Are you claiming all the mechanical royalties you’re owed? If you’re not already working with a Music Publisher, chances are you’re missing out.
Mechanical royalties are an all-too-often misunderstood topic within the music community, especially amongst artists just getting started at monetising their music. So let’s delve into all the info you need to understand what mechanical royalties are and how you can claim them for yourself.
<p style="padding-right: 100px; padding-left: 100px; padding-top: 50px; padding-bottom: 50px; color: #5934E8; font-size: 1.5rem; font-weight: 500; background-color: #FFFFFF; border: 3px solid #5934E8; text-align: center;">TIP: Music copyrights are split into two parts. One covers the original sound recording (known as the master rights) and the other covers the composition (known as the publishing rights) which protects the underlying melody and structure of a song. <br><br>Mechanical royalties are paid in relation to a song’s composition. Learn more about music publishing here.</p>
What are Mechanical Royalties?
Mechanical royalties are owed every time a copy of a musical composition (also referred to as a Musical Work) is made. This applies when a song is recreated in just about any format.
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In the days before digital media, these royalties were paid every time a song was mechanically reproduced as a CD or other physical medium.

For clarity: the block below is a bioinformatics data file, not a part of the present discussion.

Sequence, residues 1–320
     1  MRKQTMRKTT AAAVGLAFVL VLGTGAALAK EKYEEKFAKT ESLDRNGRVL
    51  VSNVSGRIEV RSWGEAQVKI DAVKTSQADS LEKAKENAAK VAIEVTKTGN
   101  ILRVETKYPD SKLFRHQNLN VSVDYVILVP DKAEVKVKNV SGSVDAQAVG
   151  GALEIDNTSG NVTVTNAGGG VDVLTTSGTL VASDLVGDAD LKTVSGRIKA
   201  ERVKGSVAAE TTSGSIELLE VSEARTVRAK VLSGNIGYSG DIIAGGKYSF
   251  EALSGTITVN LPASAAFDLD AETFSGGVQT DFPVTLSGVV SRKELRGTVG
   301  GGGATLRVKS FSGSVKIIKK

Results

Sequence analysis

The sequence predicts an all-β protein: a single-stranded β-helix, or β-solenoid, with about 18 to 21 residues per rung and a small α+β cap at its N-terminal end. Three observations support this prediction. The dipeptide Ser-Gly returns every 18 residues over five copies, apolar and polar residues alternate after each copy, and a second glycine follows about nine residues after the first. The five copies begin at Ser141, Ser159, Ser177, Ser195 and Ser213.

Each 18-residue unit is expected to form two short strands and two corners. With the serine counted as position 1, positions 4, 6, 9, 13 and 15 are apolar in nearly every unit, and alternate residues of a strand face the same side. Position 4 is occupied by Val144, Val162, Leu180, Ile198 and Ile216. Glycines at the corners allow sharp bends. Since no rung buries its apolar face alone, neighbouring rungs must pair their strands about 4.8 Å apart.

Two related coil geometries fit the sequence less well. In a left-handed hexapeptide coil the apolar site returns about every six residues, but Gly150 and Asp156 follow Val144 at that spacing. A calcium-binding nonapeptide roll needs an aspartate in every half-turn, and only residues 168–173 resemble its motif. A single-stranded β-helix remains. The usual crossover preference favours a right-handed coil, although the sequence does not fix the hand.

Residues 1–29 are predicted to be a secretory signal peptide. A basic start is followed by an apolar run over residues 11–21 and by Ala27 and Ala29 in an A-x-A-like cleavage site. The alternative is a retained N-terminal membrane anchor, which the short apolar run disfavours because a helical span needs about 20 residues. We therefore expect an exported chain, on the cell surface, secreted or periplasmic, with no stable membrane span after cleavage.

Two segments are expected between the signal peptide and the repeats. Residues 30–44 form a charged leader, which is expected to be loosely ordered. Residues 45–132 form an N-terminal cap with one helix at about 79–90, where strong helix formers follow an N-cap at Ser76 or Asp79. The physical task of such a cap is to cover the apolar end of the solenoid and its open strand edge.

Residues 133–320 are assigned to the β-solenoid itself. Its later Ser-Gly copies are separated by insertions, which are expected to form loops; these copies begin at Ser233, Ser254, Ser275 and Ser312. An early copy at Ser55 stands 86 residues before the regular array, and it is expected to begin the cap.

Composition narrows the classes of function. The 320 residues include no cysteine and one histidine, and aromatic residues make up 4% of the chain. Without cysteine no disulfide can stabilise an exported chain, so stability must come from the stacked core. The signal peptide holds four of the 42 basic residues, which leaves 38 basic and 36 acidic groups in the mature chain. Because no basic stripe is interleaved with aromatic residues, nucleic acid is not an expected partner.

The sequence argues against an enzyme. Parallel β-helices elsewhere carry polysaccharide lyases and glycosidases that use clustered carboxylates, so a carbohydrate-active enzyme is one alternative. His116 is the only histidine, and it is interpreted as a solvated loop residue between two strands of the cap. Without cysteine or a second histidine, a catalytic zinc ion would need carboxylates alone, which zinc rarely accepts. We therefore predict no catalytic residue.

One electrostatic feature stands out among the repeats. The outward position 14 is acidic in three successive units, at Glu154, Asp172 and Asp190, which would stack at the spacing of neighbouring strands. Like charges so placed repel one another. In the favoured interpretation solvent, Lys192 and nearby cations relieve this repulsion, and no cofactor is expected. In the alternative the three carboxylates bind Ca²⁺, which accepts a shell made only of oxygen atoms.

Nowadays, mechanical royalty payments have been extended to online sales. They’re generated whenever a composition is streamed or downloaded on platforms like Spotify, Apple Music, iTunes and Amazon.
That means you could be earning additional mechanical royalties on top of your existing royalty payments every time someone plays your song on Spotify.
And as mechanical royalties are paid in relation to the composition of a song (rather than the sound recording), when someone reproduces and releases your material as a cover version, you’re also owed mechanical royalties.
How are Mechanical Royalties paid?
Major music platforms pay mechanical royalties for streams, sales and downloads to mechanical right collection societies.
Most countries have their own mechanical right society and any mechanical royalties generated in that region are paid to the local society.
For example, in the US mechanical royalties are collected by Mechanical Licensing Collective (MLC) and Harry Fox Agency (HFA). While in the UK they’re processed by the Mechanical-Copyright Protection Society (MCPS).
Here’s a list of some other mechanical right societies around the world - some of which are in partnership with Performing Rights organisations, or are also Performing Rights Organisations as well.
Australia - AMCOS (in partnership with APRA)
Austria - AUSTRO-MECHANA
Belgium - SABAM
Brazil - UBC
Canada - CMRRA
Germany - GEMA
Mexico - SACM
Netherlands - STEMRA
Italy - SIAE
Japan - JASRAC
Portugal - SPA
Scandinavia - NCB
South Africa - CAPASSO
Spain - SGAE
Switzerland - SUISA
UK - MCPS
Your publisher should track down and claim the mechanical royalties you’re owed from all of these societies, and pass on the payments to you.
How do I claim Mechanical Royalties?
Claiming mechanical royalties can be a complicated business. As you can see above, different types of mechanical royalties are paid out in different ways, and things get even more complicated when crossing borders.
So unfortunately, it's very difficult for an independent musician to do it themselves. This is where a Music Publisher comes in.
Ditto Music Publishing can claim and pay out all the mechanical royalties you’re owed.
If you’re not already receiving mechanical royalties, then you’re missing out! Every single stream or download generates these additional payments, so make sure you’re not leaving the money you deserve on the table.
Learn more and sign up to Ditto Music Publishing here.